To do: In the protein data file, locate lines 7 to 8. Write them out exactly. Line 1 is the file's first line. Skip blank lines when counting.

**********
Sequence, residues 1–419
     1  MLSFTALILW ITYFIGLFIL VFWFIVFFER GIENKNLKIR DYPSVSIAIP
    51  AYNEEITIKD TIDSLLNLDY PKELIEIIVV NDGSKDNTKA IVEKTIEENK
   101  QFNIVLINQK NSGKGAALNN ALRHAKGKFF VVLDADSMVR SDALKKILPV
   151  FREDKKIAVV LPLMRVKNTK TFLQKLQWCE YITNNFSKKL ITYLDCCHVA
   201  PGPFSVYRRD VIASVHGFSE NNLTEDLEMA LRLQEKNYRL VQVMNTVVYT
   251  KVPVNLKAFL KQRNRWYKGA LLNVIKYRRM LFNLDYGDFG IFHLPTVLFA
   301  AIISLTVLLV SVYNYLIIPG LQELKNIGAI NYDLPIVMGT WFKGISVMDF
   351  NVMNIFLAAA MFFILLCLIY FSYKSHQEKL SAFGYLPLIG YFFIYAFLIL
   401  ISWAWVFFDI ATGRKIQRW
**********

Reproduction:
   251  KVPVNLKAFL KQRNRWYKGA LLNVIKYRRM LFNLDYGDFG IFHLPTVLFA
   301  AIISLTVLLV SVYNYLIIPG LQELKNIGAI NYDLPIVMGT WFKGISVMDF